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'Come Back to Allah': Syrian Christians Fear Persecution After Turkish Takeover


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A city in Northern Syria, once a refuge for those fleeing the fighting all around them, is now the scene of suffering and death. Afrin is a Kurdish city, but it has welcomed Christian and Yazidi refugees fleeing the Syrian civil war and ISIS militants.

"Afrin was untouched by the war going on all around us," Valentine Hanan, a resident of Afrin, told CBN News. "We were a safe place in the middle of our war-torn nation."

That all changed January 20, 2018, when Turkey, backed by Syrian rebels, started moving troops towards the northwestern Syrian Kurdish enclave. Now, Turkey controls the city and says it won't leave.

"I am very grieved about what is going on today," Hanan said.

Hanan is a Syrian Kurdish Christian and fears Turkey's invasion of Afrin is a huge blow to Syria's Kurdish community, in particular those who converted from Islam to Christianity.

"Six years ago when I started the church ministry in Afrin, I didn't know of any other Christian," Hanan told CBN News.

Now some 230 people attend his Church of the Good Shepherd in Afrin.

"Many of those who come to church are from Muslim background and they became Christians," Hanan said.

He says eight years of a grinding civil war drove residents to the church in search of peace.

"Many people were coming to the church because they were really interested in knowing more about Christ," Hanan said. "Those who attended said they felt peaceful and hopeful when they heard the gospel message."

Several families from the church fled the town just before the Turkish troops entered.

"Many of the other Christian families are still in Afrin and surrounding villages and are now trying to get out."

Hanan has serious concerns whether the takeover will lead to the ethnic cleansing of Kurds from the region.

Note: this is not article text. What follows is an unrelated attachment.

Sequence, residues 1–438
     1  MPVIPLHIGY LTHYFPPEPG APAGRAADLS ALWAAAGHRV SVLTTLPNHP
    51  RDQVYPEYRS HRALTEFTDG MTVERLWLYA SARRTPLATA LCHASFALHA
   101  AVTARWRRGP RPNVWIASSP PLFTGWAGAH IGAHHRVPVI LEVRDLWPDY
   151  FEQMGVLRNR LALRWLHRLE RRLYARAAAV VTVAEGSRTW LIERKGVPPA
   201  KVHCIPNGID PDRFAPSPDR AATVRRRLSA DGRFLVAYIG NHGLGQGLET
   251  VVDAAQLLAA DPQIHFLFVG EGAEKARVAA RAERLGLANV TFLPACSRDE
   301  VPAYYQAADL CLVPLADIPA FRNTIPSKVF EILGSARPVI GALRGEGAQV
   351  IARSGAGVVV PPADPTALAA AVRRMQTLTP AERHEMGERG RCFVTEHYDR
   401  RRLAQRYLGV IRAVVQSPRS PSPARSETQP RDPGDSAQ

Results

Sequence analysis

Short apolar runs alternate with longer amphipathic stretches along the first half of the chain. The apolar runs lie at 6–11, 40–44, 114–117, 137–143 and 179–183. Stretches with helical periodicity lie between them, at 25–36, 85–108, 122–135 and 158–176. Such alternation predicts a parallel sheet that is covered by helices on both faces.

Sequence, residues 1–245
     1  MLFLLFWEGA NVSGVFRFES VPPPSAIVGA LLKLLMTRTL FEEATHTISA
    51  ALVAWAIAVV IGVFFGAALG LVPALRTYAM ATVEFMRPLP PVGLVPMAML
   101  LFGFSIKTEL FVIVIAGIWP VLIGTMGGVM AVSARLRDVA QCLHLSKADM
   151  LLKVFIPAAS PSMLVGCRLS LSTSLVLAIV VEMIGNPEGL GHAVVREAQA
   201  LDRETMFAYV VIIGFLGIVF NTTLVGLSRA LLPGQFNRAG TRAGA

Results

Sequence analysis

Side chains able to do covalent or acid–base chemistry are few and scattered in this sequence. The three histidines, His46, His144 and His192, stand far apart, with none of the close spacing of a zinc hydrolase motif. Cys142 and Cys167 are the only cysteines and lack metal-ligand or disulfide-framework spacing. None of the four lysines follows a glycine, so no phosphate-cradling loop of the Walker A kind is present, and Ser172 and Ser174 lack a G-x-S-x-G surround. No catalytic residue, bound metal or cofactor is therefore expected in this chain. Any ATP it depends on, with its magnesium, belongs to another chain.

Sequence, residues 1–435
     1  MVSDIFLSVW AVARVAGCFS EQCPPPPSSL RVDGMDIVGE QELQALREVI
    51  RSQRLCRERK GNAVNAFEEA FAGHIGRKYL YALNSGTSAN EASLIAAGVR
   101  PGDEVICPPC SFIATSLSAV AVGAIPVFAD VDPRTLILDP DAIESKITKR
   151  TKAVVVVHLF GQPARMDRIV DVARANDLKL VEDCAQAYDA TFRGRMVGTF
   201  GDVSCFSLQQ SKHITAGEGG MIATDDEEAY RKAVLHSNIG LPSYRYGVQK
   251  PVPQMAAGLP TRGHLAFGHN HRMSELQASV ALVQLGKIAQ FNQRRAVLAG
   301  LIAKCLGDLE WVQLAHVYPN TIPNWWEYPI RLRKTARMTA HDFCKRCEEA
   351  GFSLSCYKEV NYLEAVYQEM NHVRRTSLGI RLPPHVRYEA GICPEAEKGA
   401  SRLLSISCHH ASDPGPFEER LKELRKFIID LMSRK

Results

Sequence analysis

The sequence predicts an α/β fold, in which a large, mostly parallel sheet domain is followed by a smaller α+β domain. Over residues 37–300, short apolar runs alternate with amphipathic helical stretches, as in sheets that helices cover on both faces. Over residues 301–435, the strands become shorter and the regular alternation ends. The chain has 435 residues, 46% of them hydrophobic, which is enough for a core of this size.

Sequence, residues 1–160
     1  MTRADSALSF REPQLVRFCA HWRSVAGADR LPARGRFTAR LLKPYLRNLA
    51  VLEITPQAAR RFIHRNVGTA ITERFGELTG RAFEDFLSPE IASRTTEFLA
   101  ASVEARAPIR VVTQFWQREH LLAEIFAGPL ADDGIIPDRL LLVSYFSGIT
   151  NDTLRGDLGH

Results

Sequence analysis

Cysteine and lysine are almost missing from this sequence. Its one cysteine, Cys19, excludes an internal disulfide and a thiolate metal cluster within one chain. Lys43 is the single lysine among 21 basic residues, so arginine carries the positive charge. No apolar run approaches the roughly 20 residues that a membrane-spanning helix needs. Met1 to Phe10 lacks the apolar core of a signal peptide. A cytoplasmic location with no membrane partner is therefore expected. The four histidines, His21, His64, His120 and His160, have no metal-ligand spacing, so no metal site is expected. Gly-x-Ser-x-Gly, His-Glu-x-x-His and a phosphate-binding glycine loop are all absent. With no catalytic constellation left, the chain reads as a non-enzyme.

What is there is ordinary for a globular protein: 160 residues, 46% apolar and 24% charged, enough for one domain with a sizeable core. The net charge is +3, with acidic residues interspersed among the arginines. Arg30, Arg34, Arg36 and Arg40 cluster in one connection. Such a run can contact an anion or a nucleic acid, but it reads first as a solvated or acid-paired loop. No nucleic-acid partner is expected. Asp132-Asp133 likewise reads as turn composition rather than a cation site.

Just before the invasion, Syrian rebels who were leading the assault on Afrin, reportedly posted a video online threatening to kill Kurds in Afrin unless they converted to Islam.

"By Allah, if you repent and come back to Allah, then know that you are our brothers," a soldier in the video said. "But if you refuse, then we see that your heads are ripe, and that it is time for us to pluck them."

Such declarations have Hanan and other Syrian Christians extremely worried about their future in Afrin.

"Now they {Christians} are afraid that they could be persecuted for their faith. Many are terrified for their lives because of ISIS and other Islamic groups are moving around the town."

The British-based Syrian Observatory for Human Rights said at least 200,000 Afrinians were displaced to areas near the town.

Turkey's president, Recep Tayyip Erdogan, says his troops plan to expand military operations into other Kurdish-controlled territory in Syria.

"The situation in our town is very hard," said Hanan.

Turkey said it targeted Afrin because it was under control of a group called the People's Protection Units (YPG), which it considers a terrorist outfit. YPG rebels have been a key US ally in defeating ISIS terrorists.


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About The Author

George Thomas Headshot

Born in Dar es Salaam, Tanzania, and of Indian descent, CBN News’ Senior International Correspondent and Co-Anchor, George Thomas, has been traveling the globe for more than 20 years, finding the stories of people, conflicts, and issues that must be told. He has reported from more than 100 countries and has had a front-row seat to numerous global events of our day. George’s stories of faith, struggle, and hope combine the expertise of a seasoned journalist with the inspiration of a deep calling to tell the stories of the people behind the news. “I’ve always liked discovering & exploring new